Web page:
Local Industry Body Says it Has Evidence of Potato ‘Dumping’ in NZ
There is evidence of European-produced potato fries being ‘dumped’ in the New Zealand market at a loss, says industry body Potatoes NZ, who warns the ‘bad faith’ practice threatens local businesses and must be stopped.
COVID-19 lockdowns and less people eating out have slowed demand for hot potato chips in European restaurants, and left their suppliers with a glut on their hands. Late last year, the Ministry of Business, Innovation and Employment (MBIE) launched an investigation into the dumping of cheap frozen fries from Europe. It was prompted by evidence presented by Potatoes New Zealand, whose chief executive Chris Claridge told Morning Report the preliminary findings are due to be published by MBIE next month.
“What we do have on record is that one processor from Europe has admitted dumping – admitted having surplus inventory and selling the surpluses to New Zealand, and has indicated that they’ve got the ability to sell more. The European market wasn’t able to sell 500,000 tons of frozen fries last year, that have to find a home somewhere. At the same time, Europe has increased their plantings, they’re at record plantings,” he said. “So this threat to our industry is real, it’s continuing, and we’re very keen to see the government act. We believe there should be temporary tariffs to overcome what is happening.”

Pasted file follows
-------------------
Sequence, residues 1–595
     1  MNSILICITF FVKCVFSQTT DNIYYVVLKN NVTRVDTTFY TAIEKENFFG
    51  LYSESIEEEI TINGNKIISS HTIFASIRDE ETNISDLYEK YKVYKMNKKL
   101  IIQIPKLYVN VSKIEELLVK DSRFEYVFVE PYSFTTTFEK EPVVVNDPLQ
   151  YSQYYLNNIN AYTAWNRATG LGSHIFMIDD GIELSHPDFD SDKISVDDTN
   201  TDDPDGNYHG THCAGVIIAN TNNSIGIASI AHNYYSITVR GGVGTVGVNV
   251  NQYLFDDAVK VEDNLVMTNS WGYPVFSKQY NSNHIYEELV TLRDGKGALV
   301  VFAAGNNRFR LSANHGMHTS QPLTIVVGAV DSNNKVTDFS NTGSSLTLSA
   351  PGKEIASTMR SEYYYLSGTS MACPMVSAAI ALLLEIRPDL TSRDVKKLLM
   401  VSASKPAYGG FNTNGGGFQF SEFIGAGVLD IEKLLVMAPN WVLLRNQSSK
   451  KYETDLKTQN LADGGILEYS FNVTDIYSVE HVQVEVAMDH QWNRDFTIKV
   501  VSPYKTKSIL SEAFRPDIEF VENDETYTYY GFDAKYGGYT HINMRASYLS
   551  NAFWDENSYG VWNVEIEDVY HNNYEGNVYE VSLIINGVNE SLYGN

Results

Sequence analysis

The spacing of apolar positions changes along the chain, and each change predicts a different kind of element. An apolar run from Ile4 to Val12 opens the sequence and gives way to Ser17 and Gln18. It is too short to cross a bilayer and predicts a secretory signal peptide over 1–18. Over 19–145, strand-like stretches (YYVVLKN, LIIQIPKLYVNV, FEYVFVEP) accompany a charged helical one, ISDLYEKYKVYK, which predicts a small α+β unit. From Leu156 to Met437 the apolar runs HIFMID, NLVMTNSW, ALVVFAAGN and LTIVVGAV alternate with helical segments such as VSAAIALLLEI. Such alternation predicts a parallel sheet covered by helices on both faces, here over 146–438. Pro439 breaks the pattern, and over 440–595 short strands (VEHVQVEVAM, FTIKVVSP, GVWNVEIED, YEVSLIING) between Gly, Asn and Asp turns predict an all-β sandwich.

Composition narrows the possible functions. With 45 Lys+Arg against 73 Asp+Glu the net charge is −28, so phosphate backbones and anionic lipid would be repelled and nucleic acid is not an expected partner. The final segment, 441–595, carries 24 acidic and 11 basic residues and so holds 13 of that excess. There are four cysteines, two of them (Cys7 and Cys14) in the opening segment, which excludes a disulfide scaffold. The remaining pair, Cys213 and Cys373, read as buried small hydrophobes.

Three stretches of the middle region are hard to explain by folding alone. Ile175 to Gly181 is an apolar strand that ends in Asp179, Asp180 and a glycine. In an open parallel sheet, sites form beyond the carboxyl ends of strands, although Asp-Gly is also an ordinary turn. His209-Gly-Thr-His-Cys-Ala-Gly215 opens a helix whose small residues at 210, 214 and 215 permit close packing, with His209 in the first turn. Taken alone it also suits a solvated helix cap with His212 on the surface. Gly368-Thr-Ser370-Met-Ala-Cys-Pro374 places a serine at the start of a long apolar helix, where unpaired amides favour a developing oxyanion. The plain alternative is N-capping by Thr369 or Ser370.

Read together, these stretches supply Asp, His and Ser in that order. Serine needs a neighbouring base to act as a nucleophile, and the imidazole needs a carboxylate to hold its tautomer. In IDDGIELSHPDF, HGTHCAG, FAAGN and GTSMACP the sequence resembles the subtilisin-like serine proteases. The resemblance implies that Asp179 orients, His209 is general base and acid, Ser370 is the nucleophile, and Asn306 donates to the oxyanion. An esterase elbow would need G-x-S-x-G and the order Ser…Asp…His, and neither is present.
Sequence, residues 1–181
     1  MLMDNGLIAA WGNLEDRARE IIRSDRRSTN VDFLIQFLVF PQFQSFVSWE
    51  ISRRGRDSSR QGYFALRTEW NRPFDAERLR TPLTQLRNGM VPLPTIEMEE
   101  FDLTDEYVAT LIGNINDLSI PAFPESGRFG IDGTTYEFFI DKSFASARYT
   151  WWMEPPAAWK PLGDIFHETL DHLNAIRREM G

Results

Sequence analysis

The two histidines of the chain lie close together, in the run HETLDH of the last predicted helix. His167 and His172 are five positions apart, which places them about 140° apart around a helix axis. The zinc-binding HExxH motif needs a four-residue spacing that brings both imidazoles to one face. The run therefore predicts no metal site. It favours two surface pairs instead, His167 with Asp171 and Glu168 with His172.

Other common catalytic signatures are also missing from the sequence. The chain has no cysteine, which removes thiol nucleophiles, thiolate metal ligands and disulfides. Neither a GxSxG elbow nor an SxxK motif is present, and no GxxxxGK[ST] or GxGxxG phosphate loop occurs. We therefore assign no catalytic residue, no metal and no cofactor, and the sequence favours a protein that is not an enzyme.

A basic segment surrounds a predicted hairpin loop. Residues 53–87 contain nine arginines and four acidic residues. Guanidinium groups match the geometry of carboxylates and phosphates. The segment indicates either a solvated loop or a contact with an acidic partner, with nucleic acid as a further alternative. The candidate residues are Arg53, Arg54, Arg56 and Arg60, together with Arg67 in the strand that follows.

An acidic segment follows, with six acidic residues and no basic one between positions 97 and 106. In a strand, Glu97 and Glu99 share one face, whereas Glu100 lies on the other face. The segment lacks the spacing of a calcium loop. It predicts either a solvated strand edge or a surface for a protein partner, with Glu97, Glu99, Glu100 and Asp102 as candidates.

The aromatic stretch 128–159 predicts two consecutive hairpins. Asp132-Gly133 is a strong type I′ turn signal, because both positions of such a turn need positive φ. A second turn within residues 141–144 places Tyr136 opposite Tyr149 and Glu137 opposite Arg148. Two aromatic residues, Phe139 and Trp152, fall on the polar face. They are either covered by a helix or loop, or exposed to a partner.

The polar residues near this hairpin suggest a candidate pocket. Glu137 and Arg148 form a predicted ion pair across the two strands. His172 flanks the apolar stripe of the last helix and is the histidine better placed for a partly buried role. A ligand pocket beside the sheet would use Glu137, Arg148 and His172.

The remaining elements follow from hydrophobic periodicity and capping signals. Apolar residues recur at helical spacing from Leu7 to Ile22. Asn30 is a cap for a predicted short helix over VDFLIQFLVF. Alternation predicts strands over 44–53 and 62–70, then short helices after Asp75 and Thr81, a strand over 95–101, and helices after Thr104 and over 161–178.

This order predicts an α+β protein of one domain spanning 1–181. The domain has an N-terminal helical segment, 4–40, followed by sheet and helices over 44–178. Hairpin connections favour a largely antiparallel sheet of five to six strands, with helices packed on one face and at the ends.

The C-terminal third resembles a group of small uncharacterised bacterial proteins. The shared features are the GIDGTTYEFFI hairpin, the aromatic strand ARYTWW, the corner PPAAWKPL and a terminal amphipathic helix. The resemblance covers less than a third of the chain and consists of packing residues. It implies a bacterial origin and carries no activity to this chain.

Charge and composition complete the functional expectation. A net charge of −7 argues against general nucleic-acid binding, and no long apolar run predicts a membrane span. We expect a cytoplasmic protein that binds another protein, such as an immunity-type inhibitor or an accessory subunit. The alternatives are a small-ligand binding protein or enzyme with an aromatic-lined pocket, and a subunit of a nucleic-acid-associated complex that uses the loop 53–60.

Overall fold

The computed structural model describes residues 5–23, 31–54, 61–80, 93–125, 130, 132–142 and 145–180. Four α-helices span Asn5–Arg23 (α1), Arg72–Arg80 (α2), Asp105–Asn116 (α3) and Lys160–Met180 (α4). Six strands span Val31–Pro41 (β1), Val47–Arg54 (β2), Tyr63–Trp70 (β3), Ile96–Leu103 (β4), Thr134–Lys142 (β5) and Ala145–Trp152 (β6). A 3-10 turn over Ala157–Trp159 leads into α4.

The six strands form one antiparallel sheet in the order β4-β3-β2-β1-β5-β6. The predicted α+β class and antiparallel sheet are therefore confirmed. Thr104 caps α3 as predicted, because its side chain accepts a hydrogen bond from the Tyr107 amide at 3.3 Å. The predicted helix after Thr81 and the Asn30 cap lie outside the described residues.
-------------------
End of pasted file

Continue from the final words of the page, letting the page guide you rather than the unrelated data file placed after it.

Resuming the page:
Claridge also said the producers are experiencing real problems off-shore as well, where the Europeans have also increased their exports. “We’re seeing a reduction of about 20% of our exports worldwide,” he said.
Any actions taken by the Government to relieve the situation will be decided against the backdrop of New Zealand’s ongoing free trade negotiations with both the United Kingdom and European Union.
“These actions do not cut into free trade arrangements. Our legislation must fit within WTO regulations. What people have to realize is that you can’t be nervous about taking these actions, and also any retaliatory action against New Zealand is again in breach of WTO rules.”